89% want more solidarity between the generations – but redistribution is becoming a burden
- According to a representative survey carried out in Switzerland, Germany and France, 89% of the population call for a strengthening of solidarity between the generations.
- 63% regret a lack of acceptance of older people in society.
- Almost two thirds of those surveyed take it as a given that redistribution from young to old will lead to conflict.
- 65% of all respondents think that the young are too preoccupied with themselves. Millennials (18 to 35-year-olds) and Generation X (36 to 50-year-olds) are even more convinced of this, with 70% of respondents from each cohort answering in the affirmative.
- 52% of Millennials believe that older people today are living off the young. 86% of Veterans (66 to 79-year-olds) disagree with this assessment, as do 77% of Baby Boomers (51 to 65-year-olds).
- Younger people also see an imbalance in political affairs, with 46% of Millennials and 39% of Generation X finding that older people enjoy disproportionate power at the ballot box.
According to a representative survey carried out by Swiss Life among over 3000 respondents in Switzerland, Germany and France, there is a significant need for greater solidarity across all four generations. Nearly 90% of respondents – regardless of nationality or age – expressed this desire, which is, however, only partially fulfilled in reality: An average of almost 40% are unsatisfied by solidarity and dialogue between the generations at present. In addition, some feel that social cohesion is lacking, with 63% finding there is insufficient acceptance of older people in society. There's a similar view from the other side, as around half of those surveyed said they sensed a lack of respect for youth.
Young people see markedly more potential for conflict
Young people tend to see their interests jeopardised by their interaction with other generations much more than older people:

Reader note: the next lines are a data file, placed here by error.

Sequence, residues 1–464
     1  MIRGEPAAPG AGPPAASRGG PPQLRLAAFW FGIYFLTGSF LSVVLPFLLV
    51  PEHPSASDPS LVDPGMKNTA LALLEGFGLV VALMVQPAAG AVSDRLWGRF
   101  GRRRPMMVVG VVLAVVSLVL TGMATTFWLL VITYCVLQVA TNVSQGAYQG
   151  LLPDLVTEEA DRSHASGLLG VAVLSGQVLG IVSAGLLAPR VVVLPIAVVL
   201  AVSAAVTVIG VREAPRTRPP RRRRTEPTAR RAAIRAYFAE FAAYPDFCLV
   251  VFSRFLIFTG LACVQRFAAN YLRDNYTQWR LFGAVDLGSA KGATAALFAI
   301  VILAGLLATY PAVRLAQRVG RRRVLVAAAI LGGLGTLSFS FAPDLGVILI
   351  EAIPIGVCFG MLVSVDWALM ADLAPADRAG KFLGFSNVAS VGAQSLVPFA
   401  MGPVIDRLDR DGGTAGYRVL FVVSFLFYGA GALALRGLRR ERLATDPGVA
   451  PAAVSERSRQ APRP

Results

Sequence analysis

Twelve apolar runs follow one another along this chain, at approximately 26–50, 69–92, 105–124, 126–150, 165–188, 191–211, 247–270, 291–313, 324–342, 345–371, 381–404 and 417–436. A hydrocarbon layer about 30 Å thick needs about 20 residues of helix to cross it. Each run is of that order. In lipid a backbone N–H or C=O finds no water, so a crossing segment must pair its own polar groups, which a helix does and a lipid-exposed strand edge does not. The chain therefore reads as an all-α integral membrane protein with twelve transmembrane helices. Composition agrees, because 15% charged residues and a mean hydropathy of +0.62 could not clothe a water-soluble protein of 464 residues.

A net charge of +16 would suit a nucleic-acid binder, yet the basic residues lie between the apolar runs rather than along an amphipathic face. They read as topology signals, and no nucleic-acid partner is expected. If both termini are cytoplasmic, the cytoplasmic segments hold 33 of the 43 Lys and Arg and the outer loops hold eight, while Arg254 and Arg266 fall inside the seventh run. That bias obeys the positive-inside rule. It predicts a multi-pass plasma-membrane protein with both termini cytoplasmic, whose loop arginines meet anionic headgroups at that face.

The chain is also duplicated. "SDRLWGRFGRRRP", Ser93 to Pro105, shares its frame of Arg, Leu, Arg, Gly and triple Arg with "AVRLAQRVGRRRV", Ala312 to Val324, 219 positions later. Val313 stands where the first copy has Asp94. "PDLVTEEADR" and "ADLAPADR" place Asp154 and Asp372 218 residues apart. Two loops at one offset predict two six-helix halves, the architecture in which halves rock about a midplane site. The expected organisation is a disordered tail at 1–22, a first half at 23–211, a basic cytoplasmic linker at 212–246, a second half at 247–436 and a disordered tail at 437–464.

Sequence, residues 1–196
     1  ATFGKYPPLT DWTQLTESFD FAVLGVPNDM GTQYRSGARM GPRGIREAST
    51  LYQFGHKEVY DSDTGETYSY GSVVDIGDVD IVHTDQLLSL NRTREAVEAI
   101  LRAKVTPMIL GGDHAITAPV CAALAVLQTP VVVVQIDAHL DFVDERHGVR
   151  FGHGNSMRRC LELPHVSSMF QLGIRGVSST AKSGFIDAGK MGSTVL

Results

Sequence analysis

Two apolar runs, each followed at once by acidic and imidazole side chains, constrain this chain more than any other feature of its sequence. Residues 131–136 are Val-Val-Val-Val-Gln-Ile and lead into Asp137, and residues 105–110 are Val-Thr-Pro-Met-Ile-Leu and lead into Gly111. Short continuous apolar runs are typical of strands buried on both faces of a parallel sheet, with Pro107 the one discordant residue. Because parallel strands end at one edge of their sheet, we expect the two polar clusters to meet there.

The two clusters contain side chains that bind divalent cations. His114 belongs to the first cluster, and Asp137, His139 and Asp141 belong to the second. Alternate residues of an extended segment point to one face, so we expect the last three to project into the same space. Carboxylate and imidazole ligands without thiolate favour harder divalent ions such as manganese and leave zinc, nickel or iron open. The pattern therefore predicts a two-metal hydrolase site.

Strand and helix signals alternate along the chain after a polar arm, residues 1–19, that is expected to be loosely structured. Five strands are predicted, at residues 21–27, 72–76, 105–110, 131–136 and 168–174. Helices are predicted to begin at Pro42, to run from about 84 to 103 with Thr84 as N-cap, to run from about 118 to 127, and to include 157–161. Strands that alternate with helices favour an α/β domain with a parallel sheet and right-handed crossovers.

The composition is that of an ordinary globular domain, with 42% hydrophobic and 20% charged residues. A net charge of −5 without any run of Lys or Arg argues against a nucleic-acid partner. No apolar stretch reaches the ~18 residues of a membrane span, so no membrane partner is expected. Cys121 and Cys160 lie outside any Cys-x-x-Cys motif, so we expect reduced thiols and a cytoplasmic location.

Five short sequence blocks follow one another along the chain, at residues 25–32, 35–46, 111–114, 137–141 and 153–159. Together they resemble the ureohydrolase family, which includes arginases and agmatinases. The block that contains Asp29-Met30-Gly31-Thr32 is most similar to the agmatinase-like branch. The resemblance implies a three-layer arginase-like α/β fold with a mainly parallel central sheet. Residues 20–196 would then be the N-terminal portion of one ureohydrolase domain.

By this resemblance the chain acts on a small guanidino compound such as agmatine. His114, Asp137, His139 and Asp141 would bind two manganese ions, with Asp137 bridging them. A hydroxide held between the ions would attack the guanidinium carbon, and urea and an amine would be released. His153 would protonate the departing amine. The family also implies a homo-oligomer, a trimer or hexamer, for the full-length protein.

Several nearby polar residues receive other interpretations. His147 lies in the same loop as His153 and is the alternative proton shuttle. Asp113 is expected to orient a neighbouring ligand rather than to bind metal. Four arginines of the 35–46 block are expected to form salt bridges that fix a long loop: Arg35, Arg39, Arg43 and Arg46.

- Almost two thirds assume that redistribution from young to old will lead to conflict. The younger the respondent, the more likely he or she is to detect a potential for conflict (Millennials: 70%, Generation X: 68%, Baby Boomers: 63%, Veterans: 55%).
- Around a third each of Millennials, Generation X and Baby Boomers are not prepared to pay for older generations.
- 52% of Millennials and 37% of Generation X believe that older people today are living off the young. The older generations are markedly less likely to agree with this proposition (Baby Boomers: 23%, Veterans: 14%).
- Of Millennials, 46% find that older people enjoy disproportionate power at the ballot box, as do 39% of Generation X. Only 29% of Baby Boomers and 23% of Veterans share this view.
Older generations are bothered by the egocentrism of the young
What stands in the way of comprehensive intergenerational solidarity is above all a difference in attitudes towards life and egocentrism.
- 65% of all respondents think that the young are too preoccupied with themselves. Millennials and Generation X are even more convinced of this, with 70% of respondents from each cohort answering in the affirmative. So they are perfectly aware of their own egocentrism.
- On the other hand, 31% of all those surveyed believe older people are too concerned with their own interests, a figure that rises to a full 41% among Millennials.
- In addition to egocentrism, respondents suggested that insufficient dialogue and solidarity between the generations was mainly a result of the redistributive pension system, customs and attitudes specific to the various generations and a lack of respect.